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Murat Çelikkan: When dissent becomes crime

This weekend he was supposed to come to Colombia, to a forum on human rights in Cali. Today the Turkish activist is in jail for being editor of an opposition newspaper.

Por: Krizna GomezAugust 25, 2017

On August 11, in a small bar somewhere in the Beyoğlu neighborhood of Istanbul, 50 or so friends, his wife and 35-year old son gathered one last time, each one raising their glasses to him. They clasped their drink with an unspoken shudder, tinged with encouragement but mostly overwhelmed with admiration for this man—a veteran journalist and human rights activist in his late 50s, bespectacled and gentle in his manners, resolute and calm in the future that was awaiting him. This man was Murat Çelikkan. And this was his send-off gathering to prison.

Several days earlier, he was sentenced to one and a half years in jail, for the crime of “propagandizing for a terrorist organization”, which in Turkey today has been widely used to persecute countless journalists, activists and anyone who oppose the government. His supposed wrongdoing was being a symbolic Co-Editor for one day for the pro-Kurdish newspaper Özgür Gündem. There were 55 other members of civil society who volunteered to this Editor-in-Chief on Watch campaign at that time, which was launched to show solidarity to the paper’s work. In the many years of operation of Özgür Gündem, which now has been shut down, it has brought to light government violations in Southeastern Turkey—a part of the country that has been battered by war between the government and Kurdish militants seeking autonomy for the ethnic minority. Of all the 55 acting editors, only Murat was sentenced to jail time, because according to the court, he “did not show sufficient remorse” during the trial.

Murat’s story is only one of thousands around the world today, in what has been an unprecedented wave of crackdown by governments, mostly populist and nationalistic, against civil society, the media, academics and other opposition actors that dare to dissent against the government. While many authoritarian regimes, especially here in Latin America, have done this especially during the dictatorship years of the 60s and 70s, the unique thing about this current wave is that most of the governments involved are not dictatorships—they are democracies, or at least a hybrid of them, swinging like a pendulum between repression and trappings of freedom.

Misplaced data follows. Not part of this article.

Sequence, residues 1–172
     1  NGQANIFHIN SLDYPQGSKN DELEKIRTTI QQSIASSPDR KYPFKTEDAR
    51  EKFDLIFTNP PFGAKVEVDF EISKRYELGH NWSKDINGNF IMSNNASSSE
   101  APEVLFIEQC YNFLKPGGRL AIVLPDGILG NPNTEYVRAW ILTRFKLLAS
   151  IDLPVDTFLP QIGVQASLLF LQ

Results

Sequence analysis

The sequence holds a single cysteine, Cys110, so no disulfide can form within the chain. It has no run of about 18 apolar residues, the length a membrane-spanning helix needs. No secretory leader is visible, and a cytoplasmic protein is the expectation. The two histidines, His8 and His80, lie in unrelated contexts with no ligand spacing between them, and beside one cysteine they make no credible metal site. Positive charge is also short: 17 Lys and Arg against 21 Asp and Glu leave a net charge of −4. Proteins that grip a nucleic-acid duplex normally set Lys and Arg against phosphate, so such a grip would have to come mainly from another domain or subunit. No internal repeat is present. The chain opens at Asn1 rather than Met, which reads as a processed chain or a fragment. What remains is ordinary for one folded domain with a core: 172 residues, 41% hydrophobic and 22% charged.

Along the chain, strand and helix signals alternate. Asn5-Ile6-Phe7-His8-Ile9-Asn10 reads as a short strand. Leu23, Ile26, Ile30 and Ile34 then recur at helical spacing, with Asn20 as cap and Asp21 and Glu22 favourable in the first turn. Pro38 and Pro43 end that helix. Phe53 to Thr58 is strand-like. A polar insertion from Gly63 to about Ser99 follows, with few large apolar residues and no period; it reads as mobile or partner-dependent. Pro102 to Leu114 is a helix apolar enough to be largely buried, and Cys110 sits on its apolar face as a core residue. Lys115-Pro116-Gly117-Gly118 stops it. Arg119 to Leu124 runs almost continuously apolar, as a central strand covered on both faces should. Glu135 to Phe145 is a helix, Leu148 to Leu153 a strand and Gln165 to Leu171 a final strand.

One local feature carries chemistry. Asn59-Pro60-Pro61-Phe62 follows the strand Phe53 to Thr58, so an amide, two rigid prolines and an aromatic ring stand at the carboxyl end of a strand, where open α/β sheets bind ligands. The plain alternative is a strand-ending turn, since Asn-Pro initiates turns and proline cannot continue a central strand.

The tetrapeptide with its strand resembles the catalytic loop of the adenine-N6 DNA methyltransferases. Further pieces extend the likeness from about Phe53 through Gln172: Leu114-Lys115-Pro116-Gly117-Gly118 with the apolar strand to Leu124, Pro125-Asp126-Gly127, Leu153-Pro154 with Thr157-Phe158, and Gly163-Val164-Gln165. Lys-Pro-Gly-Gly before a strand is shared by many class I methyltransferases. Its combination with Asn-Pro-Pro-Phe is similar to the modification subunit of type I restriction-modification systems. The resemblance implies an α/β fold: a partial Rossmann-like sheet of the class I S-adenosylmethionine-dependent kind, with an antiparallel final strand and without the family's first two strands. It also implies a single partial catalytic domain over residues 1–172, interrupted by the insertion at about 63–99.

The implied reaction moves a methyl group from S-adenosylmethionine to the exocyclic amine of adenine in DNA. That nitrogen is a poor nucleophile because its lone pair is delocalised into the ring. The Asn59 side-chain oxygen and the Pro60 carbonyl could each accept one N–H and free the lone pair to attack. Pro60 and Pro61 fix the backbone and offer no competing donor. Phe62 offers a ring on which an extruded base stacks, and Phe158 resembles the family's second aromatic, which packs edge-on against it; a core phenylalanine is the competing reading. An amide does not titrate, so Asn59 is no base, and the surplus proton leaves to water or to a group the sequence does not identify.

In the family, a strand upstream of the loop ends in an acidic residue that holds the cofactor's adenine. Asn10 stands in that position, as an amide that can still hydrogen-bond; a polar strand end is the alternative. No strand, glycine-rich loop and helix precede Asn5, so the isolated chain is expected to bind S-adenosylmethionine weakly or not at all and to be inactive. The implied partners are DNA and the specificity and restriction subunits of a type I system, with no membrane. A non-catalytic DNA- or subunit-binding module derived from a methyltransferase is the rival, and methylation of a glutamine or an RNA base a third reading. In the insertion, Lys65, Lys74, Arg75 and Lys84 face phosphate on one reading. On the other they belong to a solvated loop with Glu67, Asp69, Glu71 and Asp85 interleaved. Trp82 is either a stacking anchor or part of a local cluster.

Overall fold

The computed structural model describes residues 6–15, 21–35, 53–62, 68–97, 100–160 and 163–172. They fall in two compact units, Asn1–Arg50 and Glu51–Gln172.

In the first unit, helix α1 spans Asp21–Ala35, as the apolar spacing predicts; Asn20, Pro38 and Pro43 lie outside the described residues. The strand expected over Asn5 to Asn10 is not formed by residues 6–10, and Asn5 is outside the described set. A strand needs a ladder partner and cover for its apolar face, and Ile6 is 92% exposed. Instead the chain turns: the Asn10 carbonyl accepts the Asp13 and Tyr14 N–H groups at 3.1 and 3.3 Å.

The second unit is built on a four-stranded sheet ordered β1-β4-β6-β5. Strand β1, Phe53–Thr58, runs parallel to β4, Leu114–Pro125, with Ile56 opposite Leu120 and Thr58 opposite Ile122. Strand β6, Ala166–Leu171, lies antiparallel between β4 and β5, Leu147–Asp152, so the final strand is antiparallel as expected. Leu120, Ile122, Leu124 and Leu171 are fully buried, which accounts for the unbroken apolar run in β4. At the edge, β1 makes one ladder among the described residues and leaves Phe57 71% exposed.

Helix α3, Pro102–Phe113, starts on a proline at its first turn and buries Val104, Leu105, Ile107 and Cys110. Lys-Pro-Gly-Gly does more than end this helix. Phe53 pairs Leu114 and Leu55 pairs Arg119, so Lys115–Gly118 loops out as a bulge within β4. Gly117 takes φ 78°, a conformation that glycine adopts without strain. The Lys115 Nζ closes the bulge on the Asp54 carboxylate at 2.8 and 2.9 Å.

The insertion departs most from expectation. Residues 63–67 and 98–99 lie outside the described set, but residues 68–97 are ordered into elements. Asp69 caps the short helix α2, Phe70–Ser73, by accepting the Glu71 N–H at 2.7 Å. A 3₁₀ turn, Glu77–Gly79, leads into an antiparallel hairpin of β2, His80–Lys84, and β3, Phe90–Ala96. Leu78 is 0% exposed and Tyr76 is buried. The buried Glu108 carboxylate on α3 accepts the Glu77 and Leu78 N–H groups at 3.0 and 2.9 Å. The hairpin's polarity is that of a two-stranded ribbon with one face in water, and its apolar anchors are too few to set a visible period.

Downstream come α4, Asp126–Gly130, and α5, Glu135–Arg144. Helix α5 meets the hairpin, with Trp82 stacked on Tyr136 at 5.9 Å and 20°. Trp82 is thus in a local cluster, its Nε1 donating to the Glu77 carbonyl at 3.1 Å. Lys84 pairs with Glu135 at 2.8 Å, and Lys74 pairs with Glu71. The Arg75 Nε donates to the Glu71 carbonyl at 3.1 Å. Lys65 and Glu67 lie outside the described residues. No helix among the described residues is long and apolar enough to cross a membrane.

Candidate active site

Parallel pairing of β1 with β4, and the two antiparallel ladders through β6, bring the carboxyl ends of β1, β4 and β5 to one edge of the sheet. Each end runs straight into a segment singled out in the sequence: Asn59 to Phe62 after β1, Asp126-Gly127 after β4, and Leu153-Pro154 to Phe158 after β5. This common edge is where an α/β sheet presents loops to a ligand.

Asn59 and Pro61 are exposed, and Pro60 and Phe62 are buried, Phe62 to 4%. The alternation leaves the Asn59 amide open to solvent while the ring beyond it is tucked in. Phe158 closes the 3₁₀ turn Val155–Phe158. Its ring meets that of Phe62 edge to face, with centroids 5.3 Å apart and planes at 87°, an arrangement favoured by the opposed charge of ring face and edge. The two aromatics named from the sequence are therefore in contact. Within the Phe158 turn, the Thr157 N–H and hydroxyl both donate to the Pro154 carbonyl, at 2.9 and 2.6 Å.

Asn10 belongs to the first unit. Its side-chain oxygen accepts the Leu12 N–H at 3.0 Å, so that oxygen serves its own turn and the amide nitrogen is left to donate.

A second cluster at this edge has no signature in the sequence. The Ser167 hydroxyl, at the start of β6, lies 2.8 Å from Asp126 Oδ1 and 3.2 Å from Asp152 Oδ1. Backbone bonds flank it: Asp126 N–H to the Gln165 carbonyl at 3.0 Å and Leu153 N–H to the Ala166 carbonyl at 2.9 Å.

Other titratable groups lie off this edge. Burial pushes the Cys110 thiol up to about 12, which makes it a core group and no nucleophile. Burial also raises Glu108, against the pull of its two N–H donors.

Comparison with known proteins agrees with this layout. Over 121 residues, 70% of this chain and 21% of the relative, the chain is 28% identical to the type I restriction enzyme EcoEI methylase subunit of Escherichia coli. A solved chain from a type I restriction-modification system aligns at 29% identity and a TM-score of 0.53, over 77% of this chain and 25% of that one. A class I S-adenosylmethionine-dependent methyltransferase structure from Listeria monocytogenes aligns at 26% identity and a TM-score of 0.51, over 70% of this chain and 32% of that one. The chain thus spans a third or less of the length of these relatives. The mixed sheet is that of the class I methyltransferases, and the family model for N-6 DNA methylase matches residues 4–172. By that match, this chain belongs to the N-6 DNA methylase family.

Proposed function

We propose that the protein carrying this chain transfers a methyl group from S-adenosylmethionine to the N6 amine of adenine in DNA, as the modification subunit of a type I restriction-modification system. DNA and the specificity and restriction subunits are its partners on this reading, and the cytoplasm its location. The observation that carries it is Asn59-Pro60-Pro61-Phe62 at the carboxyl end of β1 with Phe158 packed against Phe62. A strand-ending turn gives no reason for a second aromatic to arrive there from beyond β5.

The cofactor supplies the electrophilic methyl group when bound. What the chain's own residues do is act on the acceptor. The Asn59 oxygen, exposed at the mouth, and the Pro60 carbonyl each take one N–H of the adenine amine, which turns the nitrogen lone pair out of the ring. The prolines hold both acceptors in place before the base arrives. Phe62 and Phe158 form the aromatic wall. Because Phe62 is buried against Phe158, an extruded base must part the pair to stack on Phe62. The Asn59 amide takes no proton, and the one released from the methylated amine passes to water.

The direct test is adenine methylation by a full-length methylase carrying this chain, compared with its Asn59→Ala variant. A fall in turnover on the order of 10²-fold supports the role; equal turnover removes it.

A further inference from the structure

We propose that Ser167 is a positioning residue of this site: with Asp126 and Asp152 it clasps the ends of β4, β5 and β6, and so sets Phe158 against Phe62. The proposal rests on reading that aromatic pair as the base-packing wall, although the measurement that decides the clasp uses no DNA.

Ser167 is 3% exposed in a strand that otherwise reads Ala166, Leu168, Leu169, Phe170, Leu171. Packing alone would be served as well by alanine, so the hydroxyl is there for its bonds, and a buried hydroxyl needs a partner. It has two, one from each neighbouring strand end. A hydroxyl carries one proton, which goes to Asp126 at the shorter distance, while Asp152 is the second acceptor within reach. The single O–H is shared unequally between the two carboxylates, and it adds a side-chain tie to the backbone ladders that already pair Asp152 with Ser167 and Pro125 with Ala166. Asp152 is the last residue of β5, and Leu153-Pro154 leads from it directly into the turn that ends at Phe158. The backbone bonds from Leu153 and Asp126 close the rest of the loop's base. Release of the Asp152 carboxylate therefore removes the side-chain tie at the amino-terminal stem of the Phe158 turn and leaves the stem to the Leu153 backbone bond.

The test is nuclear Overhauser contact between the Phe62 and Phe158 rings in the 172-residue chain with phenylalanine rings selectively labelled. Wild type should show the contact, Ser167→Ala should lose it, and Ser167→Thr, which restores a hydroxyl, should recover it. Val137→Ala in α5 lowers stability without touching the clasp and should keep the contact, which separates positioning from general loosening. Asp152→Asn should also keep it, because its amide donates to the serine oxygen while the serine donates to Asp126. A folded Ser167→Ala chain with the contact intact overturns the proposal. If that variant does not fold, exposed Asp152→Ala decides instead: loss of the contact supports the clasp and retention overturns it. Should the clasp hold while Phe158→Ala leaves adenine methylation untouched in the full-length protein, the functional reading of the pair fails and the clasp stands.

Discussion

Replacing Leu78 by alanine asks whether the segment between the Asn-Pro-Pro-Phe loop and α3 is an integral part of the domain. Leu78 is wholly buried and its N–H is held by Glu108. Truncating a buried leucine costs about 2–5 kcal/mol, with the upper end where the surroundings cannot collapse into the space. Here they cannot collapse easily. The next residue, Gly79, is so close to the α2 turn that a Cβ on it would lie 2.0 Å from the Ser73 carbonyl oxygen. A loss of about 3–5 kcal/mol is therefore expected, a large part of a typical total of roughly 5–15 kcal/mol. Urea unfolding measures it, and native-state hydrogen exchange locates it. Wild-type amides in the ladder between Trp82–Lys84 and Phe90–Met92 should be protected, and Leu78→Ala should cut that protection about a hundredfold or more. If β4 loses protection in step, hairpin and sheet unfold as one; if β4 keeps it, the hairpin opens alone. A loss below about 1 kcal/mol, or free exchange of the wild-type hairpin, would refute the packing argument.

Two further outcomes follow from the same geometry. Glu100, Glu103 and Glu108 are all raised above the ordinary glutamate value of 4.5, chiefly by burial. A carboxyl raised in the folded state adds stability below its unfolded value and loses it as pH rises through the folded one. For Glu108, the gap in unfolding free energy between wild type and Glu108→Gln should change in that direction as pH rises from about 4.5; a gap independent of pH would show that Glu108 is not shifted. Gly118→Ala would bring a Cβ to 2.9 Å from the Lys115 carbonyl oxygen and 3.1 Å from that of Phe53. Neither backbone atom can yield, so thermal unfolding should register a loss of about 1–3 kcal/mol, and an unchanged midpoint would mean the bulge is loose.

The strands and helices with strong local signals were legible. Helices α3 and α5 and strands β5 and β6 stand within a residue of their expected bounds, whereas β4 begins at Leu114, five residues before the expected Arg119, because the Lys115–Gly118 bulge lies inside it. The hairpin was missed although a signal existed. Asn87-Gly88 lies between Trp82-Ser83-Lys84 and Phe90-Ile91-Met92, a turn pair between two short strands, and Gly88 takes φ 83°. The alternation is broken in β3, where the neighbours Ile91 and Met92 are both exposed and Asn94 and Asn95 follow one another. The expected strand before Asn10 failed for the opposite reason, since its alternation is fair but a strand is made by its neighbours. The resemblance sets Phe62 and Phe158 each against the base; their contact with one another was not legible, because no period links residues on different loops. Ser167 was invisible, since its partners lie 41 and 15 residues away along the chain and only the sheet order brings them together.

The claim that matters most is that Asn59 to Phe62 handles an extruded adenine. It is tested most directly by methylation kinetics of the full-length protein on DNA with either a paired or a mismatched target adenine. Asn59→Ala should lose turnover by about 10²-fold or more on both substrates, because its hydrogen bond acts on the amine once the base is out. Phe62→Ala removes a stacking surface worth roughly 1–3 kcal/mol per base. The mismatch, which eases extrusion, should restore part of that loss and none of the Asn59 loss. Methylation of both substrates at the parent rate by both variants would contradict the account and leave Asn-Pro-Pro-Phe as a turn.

In Egypt, hundreds of activists have been thrown into jail since the Arab Spring, on trumped up charges for acts that include attending the funeral of a fellow protester. Judges don’t go light on their sentences—some would hand down life sentences—and have been processing cases like a factory machine that has seen mistakes like sentencing to jail the three-year old son of a businessman who is known to oppose the government. In Ecuador, ex-president Correa shut down organizations such as Pachamama, for leading efforts to fight his extractive projects in the protected Yasuni National Park. In Russia, hundreds of organizations have been closed for being “foreign agents”, for the sheer act of receiving foreign funding and conducting “political activities” that is so broadly defined that it can include activities that would normally be part of the daily work of a civil society organization. In Venezuela, Provea, the oldest and most established human rights NGO in the country, was recently accused of spreading “hate crimes” in a state newspaper for advocating for rights after Maduro’s widely-criticized Constituent Assembly. In Ethiopia, Mexico, India, Macedonia, Thailand, Bolivia, Azerbaijan, Hungary, and more than 50 other countries, activists are being harassed or killed, organizations shut down, journalists sued to bankruptcy, and advocates being surveilled illegally for the sheer act of fighting for the rights of those who cannot.

Murat was not supposed to be sitting in a jail cell in Turkey today. In fact, he was supposed to be in Cali, soaking in the gentle heat of this salsa capital, giving a lecture to 19 young human rights activists from Africa, Asia, Latin America, Europe and the Middle East on the topic of crackdowns against civil society actors in a training that we at Dejusticia organized. The irony of his absence could not be starker.

Throughout this training, we leave an empty chair for Murat, as well as his colleagues who could not be here with us, as a deafening reminder that freedoms are being snatched away in other places in the world by the minute, families are being deprived of their loved ones, and truth that is waiting to be told is being silenced with the use of a gun, a cyber attack technology, a repressive law, or a small jail cell.

Closer to home here in Colombia, in unseen corners of the country long ravaged by war and poverty, social movement leaders get killed for attempting to fight for better lives. They, Murat, and countless others, separated by thousands of miles, graves and jail cells, sip of the same cup that reminds them of the values and freedoms that their countries are slowly losing, and the free mind that might one day become extinct.

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